Taiwanese life insurance companies have adequate systems to manage overseas investment risks, but a surge in foreign exchange exposure or uncontrolled growth in investment concentration could spell downward action for weaker insurers, Taiwan Ratings Corp (中華信評) said yesterday.
The lure of higher returns and longer tenor securities encouraged many of the nation’s life insurers to divert their investments away from Taiwan’s financial markets over the past few years, the local arm of Standard & Poor’s Financial Services LLC said.
The ratio of insurers’ overseas investments to their combined investment portfolio rose to 50 percent last year, from 44 percent in 2013, the ratings agency said.
The trend has raised insurers’ foreign exchange risks and investment sector concentration, as well as weakened credit profiles, Taiwan Rating said.
“The majority of life insurers have an intermediate risk position, which represents manageable investment risks,” credit analyst Patty Wang (王珮齡) said.
Nonetheless, credit profiles are under growing pressure, particularly in terms of rising unhedged positions and investment concentration in financial institutions, Wang said.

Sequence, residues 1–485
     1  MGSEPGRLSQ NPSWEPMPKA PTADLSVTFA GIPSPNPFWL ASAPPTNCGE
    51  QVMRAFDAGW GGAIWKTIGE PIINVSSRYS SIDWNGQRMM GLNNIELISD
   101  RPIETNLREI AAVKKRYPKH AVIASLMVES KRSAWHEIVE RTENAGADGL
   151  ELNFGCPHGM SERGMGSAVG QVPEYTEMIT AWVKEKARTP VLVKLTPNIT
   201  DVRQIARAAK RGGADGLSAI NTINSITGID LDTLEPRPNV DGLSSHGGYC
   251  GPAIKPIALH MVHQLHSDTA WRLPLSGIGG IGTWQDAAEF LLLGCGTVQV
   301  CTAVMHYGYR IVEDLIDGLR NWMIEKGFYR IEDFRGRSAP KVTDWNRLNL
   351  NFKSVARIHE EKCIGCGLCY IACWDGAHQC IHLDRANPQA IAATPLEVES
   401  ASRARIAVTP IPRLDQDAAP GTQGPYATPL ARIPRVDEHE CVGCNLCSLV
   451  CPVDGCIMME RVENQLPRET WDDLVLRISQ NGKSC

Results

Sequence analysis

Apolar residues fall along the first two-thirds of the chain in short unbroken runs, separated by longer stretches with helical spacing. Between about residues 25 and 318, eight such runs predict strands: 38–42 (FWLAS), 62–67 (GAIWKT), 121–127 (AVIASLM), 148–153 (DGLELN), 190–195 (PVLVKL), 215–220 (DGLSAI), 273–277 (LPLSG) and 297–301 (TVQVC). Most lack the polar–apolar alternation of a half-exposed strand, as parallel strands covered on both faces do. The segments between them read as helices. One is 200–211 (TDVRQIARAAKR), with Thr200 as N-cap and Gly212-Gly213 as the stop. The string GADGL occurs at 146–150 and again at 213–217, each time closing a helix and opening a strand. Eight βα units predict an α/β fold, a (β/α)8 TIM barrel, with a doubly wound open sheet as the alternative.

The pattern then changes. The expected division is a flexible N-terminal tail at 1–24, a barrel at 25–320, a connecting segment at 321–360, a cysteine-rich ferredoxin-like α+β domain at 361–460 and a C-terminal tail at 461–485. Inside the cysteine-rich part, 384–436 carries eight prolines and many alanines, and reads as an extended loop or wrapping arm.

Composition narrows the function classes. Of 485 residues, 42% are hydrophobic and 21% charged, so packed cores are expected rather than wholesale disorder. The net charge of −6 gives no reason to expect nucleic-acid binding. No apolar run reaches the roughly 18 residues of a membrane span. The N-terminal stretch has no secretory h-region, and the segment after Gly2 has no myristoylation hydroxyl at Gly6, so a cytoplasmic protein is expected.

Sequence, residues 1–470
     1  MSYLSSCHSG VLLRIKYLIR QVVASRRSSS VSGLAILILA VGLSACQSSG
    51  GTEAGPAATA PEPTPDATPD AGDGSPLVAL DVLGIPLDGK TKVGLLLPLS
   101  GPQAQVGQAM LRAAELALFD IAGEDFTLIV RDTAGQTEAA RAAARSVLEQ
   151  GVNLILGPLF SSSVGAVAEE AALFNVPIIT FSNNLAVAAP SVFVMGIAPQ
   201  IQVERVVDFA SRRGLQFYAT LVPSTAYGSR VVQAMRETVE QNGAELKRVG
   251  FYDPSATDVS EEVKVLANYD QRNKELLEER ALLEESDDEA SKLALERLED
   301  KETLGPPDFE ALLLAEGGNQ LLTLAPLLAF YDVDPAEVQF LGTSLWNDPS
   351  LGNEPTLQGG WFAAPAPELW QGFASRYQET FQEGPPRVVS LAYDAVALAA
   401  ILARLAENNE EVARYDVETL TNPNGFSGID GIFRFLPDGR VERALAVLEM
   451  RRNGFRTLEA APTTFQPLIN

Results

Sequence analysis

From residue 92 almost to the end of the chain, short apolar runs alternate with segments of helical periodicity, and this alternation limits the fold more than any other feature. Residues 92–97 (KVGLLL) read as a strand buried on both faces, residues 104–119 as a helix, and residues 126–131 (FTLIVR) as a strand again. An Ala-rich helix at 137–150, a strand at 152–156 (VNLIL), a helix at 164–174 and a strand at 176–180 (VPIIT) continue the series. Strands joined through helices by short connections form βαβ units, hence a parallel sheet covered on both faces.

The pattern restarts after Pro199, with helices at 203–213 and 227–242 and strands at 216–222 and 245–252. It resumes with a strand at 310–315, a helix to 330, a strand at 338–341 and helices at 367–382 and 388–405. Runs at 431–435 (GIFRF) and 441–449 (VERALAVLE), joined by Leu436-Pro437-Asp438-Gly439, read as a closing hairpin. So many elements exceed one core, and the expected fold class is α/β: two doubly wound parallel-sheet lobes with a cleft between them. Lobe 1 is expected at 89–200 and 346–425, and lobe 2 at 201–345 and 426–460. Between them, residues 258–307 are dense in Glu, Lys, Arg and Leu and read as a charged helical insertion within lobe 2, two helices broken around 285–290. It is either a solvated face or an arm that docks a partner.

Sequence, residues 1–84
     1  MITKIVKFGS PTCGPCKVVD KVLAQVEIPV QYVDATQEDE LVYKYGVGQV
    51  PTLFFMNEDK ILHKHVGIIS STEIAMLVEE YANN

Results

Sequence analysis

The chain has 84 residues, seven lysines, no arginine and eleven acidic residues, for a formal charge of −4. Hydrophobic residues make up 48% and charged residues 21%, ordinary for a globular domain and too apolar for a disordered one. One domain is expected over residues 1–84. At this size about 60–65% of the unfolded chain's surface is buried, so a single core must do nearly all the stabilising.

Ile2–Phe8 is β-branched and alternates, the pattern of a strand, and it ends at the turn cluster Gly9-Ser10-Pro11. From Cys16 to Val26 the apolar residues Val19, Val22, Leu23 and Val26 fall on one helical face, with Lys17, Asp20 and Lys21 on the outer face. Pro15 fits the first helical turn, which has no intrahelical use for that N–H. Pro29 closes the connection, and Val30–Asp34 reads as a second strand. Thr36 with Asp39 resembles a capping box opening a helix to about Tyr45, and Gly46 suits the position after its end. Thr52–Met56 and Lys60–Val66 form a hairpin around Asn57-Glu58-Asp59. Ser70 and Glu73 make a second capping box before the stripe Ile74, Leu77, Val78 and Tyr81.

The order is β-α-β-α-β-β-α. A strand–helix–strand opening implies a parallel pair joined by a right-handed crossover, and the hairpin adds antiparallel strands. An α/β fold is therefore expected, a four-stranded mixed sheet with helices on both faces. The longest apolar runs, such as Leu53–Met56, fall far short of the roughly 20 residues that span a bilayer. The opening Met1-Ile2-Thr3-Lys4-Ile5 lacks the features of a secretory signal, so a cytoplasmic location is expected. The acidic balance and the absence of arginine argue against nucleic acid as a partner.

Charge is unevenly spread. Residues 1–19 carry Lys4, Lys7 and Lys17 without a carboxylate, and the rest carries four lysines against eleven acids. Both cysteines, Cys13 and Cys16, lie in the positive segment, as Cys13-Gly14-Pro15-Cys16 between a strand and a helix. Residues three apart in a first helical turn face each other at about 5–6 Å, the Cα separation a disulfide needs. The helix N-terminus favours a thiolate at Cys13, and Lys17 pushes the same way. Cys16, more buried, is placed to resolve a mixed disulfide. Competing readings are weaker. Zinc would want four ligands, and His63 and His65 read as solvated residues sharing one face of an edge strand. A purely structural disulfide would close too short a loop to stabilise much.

Life insurers’ unhedged positions have grown noticeably over the past few quarters due to an increase in yuan-denominated investments and expectations of continued appreciation in the US dollar, Wang said.
Furthermore, the concentration correlates with increased positions in foreign currency-denominated bonds issued in Taiwan by foreign financial institutions, as well as mergers and acquisitions involving overseas financial institutions, the analyst said.
The investment strategy could drive Taiwan Ratings to downgrade an insurer’s risk position if it fails to come up with proper risk management measures, Wang said.
The concern is evident and present for insurers with weak capitalization once ratings triggers are breached, Wang added.
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